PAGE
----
into 1913. Shifting to the Puget Sound Navy Yard early in February
of 1913, CHEYENNE was fitted out as a submarine tender
over the ensuing months. Finally, on 20 August 1913, CHEYENNE
was placed in "full commission," Lieutenant. Kenneth
Heron in command.
The newly converted submarine tender operated
in the Puget Sound region until 11 December, when she sailed
for San Francisco. In the ensuing months, CHEYENNE tender
the submarines of the 2d Submarine Division, Pacific Torpedo
Flotilla, at Mare Island, San Francisco, and San Pedro, into
April of 1914. Later that spring, when troubled conditions in
Mexico threatened American lives and property, CHEYENNE
interrupted her submarine tending duties twice, once in late
April and once in mid-May, to embark refugees at Ensenada and
San Quentin, Mexico, transporting them both times to San Diego.
then resumed her submarine tending operations on the west coast,
continuing them into 1917. On 10 April of that year, four days
after the United States entered World War I-she proceeded to
Port Angeles, Wash., the designated point of mobilization for
the Pacific Fleet, in company with the submarines H-l (Submarine
No. 28) and H-2 (Submarine No. 29), arriving there on the 16th.
Subsequently shifting to the Puget Sound Navy Yard, CHEYENNE
remained at that port for most of a month taking on stores and
provisions loading ammunition and receiving men on board to fill
the vacancies in her complement. On 28 April CHEYENNE
guarded N-1 (Submarine No. 35) as she ran trials off Port Townsend,
Wash. On 4 May, the warship returned to Puget Sound for drydock
and yard work. Completing that refit late in May, CHEYENNE
shifted southward to San Pedro, California., where she established
a submarine base and training camp for personnel for submarine
CHEYENNE subsequently joined the Atlantic Fleet, serving
as flagship and tender for Division 3, Flotilla 1, Submarine
Force, Atlantic Fleet. On 17 December 1918, the ship was transferred
to Division 1, American Patrol Detachment. While with that force,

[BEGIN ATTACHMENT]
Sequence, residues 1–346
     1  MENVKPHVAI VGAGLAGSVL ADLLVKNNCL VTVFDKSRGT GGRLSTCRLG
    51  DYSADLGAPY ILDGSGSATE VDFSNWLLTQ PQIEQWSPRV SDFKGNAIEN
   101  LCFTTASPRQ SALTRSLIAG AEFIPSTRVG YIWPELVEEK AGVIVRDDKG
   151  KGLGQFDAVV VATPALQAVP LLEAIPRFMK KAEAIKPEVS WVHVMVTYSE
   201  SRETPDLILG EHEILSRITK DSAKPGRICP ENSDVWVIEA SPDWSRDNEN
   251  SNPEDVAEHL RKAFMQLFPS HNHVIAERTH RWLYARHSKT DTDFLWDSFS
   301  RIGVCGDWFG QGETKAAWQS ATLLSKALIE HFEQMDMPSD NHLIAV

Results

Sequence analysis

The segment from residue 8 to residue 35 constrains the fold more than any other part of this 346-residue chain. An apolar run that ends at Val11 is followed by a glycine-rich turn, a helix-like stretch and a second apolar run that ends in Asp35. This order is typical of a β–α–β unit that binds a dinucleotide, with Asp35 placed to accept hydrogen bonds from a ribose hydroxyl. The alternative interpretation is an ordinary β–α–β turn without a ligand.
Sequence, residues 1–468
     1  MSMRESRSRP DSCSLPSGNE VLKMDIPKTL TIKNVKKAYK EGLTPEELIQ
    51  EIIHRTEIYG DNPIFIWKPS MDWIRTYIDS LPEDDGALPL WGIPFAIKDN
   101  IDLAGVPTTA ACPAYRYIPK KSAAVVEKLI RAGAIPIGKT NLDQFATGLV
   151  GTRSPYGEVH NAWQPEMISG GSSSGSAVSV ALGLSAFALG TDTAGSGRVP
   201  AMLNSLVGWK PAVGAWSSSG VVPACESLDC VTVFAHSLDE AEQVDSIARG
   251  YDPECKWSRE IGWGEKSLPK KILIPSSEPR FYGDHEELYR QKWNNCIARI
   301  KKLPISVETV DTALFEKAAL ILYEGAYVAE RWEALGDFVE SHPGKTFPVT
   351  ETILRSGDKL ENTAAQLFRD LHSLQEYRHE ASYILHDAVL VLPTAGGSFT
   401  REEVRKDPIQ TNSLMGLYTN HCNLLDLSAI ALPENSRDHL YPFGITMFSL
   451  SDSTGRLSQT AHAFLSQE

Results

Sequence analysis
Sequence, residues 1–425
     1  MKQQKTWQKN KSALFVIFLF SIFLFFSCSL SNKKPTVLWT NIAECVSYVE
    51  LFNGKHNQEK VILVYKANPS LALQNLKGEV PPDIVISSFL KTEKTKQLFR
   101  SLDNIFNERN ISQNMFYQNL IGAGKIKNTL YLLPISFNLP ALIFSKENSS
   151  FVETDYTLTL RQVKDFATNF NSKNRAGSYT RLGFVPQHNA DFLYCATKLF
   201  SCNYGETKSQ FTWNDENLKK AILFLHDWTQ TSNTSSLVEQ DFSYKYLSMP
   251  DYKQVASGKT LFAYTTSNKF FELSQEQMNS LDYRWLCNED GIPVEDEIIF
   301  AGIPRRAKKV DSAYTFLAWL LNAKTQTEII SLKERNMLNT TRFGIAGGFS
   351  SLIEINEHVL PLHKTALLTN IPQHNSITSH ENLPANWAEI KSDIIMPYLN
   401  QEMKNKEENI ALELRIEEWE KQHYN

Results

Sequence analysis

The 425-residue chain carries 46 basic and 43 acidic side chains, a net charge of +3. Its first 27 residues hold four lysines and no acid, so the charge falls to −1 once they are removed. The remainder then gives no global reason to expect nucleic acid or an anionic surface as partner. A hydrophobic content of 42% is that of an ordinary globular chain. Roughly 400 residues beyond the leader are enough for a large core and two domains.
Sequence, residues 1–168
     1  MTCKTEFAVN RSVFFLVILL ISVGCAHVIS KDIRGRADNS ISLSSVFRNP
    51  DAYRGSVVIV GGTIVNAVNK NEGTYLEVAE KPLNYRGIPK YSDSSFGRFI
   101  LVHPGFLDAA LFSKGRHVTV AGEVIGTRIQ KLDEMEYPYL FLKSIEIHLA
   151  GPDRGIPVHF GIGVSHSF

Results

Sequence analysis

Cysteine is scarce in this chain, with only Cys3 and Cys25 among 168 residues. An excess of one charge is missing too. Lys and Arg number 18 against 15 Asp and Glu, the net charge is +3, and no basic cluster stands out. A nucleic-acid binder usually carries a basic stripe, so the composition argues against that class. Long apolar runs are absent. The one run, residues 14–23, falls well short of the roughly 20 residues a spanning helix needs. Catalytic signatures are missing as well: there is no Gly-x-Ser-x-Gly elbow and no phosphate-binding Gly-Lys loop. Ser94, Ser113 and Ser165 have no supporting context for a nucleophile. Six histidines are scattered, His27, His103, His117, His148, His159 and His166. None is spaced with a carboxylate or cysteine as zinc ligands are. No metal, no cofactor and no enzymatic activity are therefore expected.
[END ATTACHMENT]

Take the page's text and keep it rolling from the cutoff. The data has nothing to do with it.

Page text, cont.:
CHEYENNE lay at Tampico, Mexico, protecting American lives
and property from 16 January to 9 October 1919. Proceeding north
soon thereafter, the warship arrived at the Philadelphia Navy
Yard on 23 October 1919, where she was decommissioned on 3 January
While inactive at Philadelphia, the ship
was classified as a miscellaneous auxiliary, IX-4, in the fleetwide
designation of alphanumeric hull numbers of 17 July 1920. Subsequently
recommissioned at Philadelphia on 22 September of the same year,
CHEYENNE was towed to Baltimore, Md., by the tug LYKENS
Based there, CHEYENNE was assigned
to training duty with Naval Reserve Force (USNRF) personnel of
subdistrict "A " 5th Naval District, and trained USNRF
reservists through 1925. Basing at Baltimore, she occasionally
visited Hampton Roads during her cruises. On 21 January 1926,
the minesweeper OWL(AM-2) took CHEYENNE in tow
and took her to Norfolk and thence to Philadelphia where she
arrived on 27 January for inactivation.
Decommissioned on 1 June 1926, Cheyenne
was struck from the Navy list on 25 January 1937, and her stripped-down
hulk was sold for scrap on 20 April 1939.
ARKANSAS Class, Last of the Line
The ARKANSAS class
was the last group of monitors to be constructed for the U.S.
Navy although the navies of Great Britain and Italy built and
used monitors for shore bombardment during World War I and the
former used them during World War II as well. Single turreted
monitors, they mounted the most modern heavy guns in the U.S.
Navy at the time they were built, 12 inch 40 calibre weapons.
The ARKANSAS class did not see any combat during World
War I and instead served as submarine tenders. Alexander C. Brown,
writing in the Society of Naval Architects and Marine Engineers
Historical transactions noted in a penetrating comment that:
"Monitors found their
final employment as submarine tenders in World War I for which
their low freeboard hulls made them well suited. It is significant
to note, however, that in this humble capacity they were ministering
to the needs of that type of craft which had logically replaced
them for as initially envisaged monitors were designed to combine
heavy striking power with concealment and the presentation of
a negligible target area ..."